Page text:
No one's sure which party stands to benefit politically with a government shutdown. Polls suggest both parties will suffer. But the overriding consensus in Washington is that the government shutdown of 1995 is the crucial historical analogy. Voters blamed Republicans, President Clinton won reelection and Newt Gingrich ate crow. But why limit the comparisons to 1995? Surely there must be other budget battles to draw on. And what about other factors like the role of new media? Here are the problems with comparing 1995 to 2011.
The Media Environment
In 1995, political journalism was a different animal. Major news organizations hadn't yet embraced the web. Bloggers weren't important. Politicians couldn't communicate via Twitter and the partisan fragmentation of the media was nascent (Fox News didn't even exist). Republicans see this as an advantage. "Quite honestly, the major newspapers had a stranglehold on political news in 1995," freshman Rep. Todd Rokita told The New York Times. "Now you have cable on both sides." Salon's Andrew Leonard agrees. "Nobody should be expecting history to repeat itself. Because Rep. Rokita is absolutely right. The media landscape has completely transformed... People can much more easily choose the reality that they want to live in, and get it backed up 24 by 7 by their favorite blogs and cable channels."
The Polling Difference
When push comes to shove, the American public typically favors the president over Congress, which is good for President Obama. But Andrew Kohut, an independent pollster, says 1995 was different. Looking at polling ahead of both showdowns, Kohut says Obama "doesn't have the advantage Clinton had" because he's "dealing with an opposition that isn't as poorly regarded." In '95, Clinton didn't just avoid blame, "people came to have a much more positive view of him relative to the Republicans," Kohut says.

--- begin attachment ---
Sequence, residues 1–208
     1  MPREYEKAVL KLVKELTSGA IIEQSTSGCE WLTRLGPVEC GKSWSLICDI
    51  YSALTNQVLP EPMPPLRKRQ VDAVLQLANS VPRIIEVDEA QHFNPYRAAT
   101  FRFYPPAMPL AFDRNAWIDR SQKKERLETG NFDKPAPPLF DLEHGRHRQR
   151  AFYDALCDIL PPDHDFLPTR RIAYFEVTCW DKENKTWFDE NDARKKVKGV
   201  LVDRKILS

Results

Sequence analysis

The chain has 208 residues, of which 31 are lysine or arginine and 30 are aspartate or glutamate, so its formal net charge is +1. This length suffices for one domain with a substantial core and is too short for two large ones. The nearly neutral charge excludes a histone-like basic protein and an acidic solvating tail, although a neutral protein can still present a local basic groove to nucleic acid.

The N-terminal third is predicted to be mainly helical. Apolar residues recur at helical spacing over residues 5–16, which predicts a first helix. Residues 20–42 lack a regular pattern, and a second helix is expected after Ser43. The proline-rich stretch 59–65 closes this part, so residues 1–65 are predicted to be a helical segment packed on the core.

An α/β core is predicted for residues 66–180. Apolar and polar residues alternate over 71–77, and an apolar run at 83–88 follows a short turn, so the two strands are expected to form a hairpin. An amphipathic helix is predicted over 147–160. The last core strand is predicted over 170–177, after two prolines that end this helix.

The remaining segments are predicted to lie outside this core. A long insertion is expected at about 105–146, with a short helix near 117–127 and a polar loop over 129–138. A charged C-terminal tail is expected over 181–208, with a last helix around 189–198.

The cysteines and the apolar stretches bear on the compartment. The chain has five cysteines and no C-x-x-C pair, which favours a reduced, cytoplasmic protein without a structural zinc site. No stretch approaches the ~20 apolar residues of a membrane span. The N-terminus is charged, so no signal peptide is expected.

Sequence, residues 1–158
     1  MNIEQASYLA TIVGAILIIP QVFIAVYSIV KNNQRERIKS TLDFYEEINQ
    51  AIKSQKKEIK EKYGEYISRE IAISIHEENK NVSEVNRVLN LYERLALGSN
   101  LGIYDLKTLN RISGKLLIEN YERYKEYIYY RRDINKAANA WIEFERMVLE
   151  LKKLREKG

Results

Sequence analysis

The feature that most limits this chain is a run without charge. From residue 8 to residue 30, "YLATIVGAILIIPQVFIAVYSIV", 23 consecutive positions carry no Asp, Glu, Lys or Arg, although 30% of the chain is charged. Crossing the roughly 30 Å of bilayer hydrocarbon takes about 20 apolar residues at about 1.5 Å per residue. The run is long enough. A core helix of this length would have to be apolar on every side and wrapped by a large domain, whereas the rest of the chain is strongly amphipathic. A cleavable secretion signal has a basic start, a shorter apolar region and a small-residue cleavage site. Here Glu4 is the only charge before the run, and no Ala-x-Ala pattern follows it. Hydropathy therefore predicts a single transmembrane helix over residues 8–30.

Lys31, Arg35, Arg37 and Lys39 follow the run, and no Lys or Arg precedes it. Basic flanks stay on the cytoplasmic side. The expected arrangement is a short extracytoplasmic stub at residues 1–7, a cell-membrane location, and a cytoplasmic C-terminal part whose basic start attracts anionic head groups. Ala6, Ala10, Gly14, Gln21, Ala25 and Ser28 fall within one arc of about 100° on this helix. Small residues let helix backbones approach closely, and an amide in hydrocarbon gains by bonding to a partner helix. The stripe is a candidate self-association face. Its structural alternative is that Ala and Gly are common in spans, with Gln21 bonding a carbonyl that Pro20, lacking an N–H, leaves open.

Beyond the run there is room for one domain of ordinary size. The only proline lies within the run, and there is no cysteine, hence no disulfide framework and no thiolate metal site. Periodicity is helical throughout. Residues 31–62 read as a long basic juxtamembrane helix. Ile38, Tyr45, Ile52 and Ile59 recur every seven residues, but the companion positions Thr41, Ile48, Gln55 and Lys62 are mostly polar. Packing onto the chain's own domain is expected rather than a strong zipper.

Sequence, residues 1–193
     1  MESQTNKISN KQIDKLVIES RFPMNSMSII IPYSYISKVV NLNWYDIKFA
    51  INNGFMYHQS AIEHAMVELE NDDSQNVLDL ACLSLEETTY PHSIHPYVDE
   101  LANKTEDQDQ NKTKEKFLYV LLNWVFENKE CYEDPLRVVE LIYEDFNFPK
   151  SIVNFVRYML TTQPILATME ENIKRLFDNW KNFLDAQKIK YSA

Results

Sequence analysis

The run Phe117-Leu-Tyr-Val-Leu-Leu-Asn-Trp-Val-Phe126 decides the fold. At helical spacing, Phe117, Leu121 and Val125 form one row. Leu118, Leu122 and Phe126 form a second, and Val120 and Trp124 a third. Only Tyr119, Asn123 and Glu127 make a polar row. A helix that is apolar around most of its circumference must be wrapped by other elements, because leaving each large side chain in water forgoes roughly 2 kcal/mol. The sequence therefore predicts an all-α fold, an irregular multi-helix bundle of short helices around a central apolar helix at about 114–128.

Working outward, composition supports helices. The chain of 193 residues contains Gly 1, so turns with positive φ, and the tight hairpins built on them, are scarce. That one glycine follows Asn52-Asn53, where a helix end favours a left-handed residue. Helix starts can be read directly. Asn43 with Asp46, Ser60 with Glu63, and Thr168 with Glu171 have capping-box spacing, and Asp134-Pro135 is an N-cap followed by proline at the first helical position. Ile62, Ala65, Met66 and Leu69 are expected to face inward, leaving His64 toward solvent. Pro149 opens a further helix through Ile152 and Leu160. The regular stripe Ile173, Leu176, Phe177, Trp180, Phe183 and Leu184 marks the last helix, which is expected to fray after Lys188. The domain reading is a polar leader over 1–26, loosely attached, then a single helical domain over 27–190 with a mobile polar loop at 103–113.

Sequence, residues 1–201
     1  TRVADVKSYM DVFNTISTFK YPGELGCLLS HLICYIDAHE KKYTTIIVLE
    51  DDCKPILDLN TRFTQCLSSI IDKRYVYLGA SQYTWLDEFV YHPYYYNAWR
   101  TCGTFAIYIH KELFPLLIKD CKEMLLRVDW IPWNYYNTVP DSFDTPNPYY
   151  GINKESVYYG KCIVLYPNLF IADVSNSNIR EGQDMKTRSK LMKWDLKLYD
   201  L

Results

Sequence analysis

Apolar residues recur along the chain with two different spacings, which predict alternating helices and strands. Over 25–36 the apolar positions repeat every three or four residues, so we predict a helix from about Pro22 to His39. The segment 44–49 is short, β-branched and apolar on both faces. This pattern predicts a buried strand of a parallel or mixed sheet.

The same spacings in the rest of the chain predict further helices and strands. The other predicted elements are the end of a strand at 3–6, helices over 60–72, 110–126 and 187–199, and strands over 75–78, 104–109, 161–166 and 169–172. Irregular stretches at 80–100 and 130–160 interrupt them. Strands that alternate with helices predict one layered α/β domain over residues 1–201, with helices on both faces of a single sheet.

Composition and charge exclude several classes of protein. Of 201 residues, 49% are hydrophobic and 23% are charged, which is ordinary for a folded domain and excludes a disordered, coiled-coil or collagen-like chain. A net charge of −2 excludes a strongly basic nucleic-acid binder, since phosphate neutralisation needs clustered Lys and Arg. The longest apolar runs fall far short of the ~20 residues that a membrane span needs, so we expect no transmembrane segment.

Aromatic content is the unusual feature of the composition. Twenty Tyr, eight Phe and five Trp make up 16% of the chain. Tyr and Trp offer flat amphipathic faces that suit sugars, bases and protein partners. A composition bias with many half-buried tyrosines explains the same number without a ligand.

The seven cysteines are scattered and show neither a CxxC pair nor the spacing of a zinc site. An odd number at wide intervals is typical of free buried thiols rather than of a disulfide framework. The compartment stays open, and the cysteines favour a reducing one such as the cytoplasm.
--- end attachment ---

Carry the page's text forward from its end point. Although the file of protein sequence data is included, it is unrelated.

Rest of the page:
What About 1990?
Budget battles happen often. Who's to say 1995's battle is the best to extrapolate from? This morning, Politico's Mike Allen highlights an email he received from a former Bush administration official. "It's interesting that everyone is talking about how clinton won 95 shutdown and republicans lost, as though it's the only budget battle in history. but nobody is talking about how 41 compromised (broke ‘read my lips’ pledge) to avoid shutdown in 1990 and lost reelection as a result.” Food for thought.
Much of public opinion relies on how well politicians sell their ideas to the electorate. So how does House Speaker Boehner's public charisma compare to House Speaker Gingrich's? Rich Gallen, a former Gingrich adviser who helped him during the '90s shutdown, gives the Chicago Tribune a telling quote: "Boehner isn't Gingrich, which is a good thing, and Obama isn't Clinton, which, for Democrats, is a bad thing." It's also worth pointing out that Republicans have an easier pitch to sell in 2011 than they did in 1995. With the national debt now at $14 trillion, getting serious about the budget becomes more urgent of an issue.